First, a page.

Need other changes to tackle black money, not SIT
Given that, as The Indian Express reported earlier this month, the UPA government’s finance ministry had concluded that its R1.16 lakh crore tax evasion case against Pune stud farm owner Hasan Ali ‘may not be sustainable’, it is ironic that the newly-constituted Special Investigation Team (SIT) into black money should have the mandate of, among others, bringing the Hasan Ali case to fruition. Though it is true the Supreme Court had mandated the government to constitute the SIT, BJP leaders such as LK Advani have long been convinced of the hoards of black money stashed in Swiss vaults. While Advani put the number at $462 billion, yoga guru Ramdev put it at an astonishing $8.8 trillion.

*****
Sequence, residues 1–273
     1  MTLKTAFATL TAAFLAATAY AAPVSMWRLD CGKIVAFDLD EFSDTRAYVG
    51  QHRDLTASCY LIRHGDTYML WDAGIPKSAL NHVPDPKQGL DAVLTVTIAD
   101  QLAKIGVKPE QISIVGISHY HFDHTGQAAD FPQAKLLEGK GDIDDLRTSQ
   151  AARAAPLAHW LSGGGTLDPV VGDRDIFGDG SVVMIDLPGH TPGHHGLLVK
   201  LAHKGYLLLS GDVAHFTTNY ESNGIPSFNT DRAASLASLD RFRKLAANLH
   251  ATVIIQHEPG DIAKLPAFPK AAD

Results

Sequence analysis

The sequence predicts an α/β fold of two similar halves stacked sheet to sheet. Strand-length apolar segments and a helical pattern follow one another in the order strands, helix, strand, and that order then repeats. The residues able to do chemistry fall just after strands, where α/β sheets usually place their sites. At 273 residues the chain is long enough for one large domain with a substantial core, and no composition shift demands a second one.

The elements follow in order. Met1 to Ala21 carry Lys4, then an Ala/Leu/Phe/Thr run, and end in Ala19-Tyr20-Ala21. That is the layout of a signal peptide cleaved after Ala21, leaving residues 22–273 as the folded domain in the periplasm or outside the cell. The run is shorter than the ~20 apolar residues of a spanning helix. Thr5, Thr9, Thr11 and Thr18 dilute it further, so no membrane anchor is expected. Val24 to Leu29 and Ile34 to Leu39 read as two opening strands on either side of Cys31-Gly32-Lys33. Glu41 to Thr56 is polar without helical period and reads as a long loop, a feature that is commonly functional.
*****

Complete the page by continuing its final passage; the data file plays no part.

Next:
The government, for its part, will do well to not get distracted too much by the SIT. For one, as the study done by the National Institute of Financial Management for the Central Board of Direct Taxes estimated, India’s black economy has been reducing over the years, and is around 17% of GDP today, not the 42% projected by some global agencies. That this should be the case is obvious since, with rationalisation of tax rates, compliance has increased across the board. Indeed, were the government to move to flatter structures across all categories of taxation, compliance will go up even more. Greater use of computerised filing, to cite another method, increased service tax compliance dramatically—once the computer rejected service tax applications of firms whose vendors didn’t have service tax numbers, this put pressure on compliance down the line. Similarly, just as VAT improved tax compliance for sales taxes, moving towards a GST will increase this even further since, with computerised networks, there are few transactions that will be outside the purview of the taxman. Indeed, persuading states to lower property taxes, for instance, will help curb black money in real estate, a sector in which, most agree, the bulk of black money is generated. While the SIT goes about chasing after money in Swiss vaults, the government would do well to keep in mind that India’s most successful amnesty scheme VDIS-97 unearthed only R33,000 crore of black money—just increasing the tax-to-GDP levels by 0.3%, a fairly simple task, will generate a lot more taxes today.